Walking through an airport newsstand this year, I noticed a novelty. The covers of Inc., Fast Company and Time all had female executives on the covers: Sara Blakely, Angela Ahrendts and Janet L. Yellen. I quickly snapped a photo and sent out a tweet to my modest list of followers: “Women on the cover. Not just for girlie magazines anymore.”

Then I waited for the love. I checked the response before passing through security. Nothing. I glanced again while waiting for the plane. Still nothing. I looked again before we took off. Nobody cared. My little attempt to pass a lonely hour in an airport with some friendly interaction had turned into the opposite: a brutal cold shower of social isolation.

A few days later, I mentioned this story to my wife. “What a great tweet!” she said. She then retweeted it to her larger list of followers. Within seconds, it scored. Some Twitter bigwigs picked it up, and soon hundreds of people had passed it along, added their approval and otherwise joined in a virtual bra burning. Though I should be above such things, my wisp of loneliness was soon replaced with a gust of self-satisfaction. Look, I started a meme!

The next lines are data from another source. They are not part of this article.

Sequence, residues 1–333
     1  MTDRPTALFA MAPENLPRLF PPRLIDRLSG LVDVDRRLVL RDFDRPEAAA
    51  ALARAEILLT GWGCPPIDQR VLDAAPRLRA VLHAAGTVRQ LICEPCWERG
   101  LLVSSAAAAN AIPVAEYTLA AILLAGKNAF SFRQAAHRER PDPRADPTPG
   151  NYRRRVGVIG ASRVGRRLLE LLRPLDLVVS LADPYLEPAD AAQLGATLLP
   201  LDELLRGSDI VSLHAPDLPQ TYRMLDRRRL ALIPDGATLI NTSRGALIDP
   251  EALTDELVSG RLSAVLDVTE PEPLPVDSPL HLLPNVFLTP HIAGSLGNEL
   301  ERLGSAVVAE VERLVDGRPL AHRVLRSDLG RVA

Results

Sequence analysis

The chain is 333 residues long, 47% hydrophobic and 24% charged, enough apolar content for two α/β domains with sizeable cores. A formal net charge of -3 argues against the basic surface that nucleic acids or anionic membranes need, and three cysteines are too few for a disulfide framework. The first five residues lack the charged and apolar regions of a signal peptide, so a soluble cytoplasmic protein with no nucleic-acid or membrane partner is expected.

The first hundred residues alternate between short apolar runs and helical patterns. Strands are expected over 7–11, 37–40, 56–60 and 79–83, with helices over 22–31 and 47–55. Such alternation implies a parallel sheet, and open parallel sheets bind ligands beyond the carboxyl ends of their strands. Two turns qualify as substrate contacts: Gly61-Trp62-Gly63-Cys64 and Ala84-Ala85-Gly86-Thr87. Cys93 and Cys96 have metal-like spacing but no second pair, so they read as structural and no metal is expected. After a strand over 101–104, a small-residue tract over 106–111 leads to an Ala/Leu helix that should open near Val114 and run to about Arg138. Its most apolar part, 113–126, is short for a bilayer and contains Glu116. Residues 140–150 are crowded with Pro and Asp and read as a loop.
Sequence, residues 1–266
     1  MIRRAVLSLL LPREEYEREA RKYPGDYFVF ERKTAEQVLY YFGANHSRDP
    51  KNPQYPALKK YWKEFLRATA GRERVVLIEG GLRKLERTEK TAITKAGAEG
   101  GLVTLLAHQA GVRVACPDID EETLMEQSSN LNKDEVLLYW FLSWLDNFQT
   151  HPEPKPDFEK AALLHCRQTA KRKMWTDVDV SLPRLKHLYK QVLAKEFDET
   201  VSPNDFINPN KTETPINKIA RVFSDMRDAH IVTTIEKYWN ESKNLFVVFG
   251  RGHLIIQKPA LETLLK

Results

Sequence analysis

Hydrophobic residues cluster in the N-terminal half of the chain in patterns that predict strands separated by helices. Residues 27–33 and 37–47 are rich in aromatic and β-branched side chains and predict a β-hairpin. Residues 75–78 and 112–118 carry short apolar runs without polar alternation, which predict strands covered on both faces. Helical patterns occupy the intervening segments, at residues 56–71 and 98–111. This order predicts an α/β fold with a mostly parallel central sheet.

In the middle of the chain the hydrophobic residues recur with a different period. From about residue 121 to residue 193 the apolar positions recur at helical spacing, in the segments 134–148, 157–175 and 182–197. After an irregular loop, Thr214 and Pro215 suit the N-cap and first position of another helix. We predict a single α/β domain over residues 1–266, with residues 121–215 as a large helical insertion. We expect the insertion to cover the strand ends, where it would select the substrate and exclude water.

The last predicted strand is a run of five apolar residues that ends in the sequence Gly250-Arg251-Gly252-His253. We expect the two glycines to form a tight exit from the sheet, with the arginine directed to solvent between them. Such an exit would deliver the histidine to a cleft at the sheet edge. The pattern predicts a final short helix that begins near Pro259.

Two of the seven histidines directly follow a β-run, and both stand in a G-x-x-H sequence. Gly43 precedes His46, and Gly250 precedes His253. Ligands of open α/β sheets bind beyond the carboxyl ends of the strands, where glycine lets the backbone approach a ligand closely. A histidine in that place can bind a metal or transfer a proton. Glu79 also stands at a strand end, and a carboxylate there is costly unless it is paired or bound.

We are deep enough into the social-media era to begin to recognize certain patterns among its users. Foremost among them is a mass anxiety of approval seeking and popularity tracking that seems far more suited to a high school prom than a high-functioning society.

It’s interesting where this stuff ends up — one talented young photographer, a friend of ours working in Chicago (who has not even finished college) — was recently offered a full-time staff job by a major newspaper after editors kept seeing his excellent work on Instagram.

Here is his astonishing collection of photos of a train ride from Chicago to New Orleans in a recent New York Times travel section. Go, Alex!

Do you care if people “like” your posts on Instagram or Reddit or Facebook or Pinterest?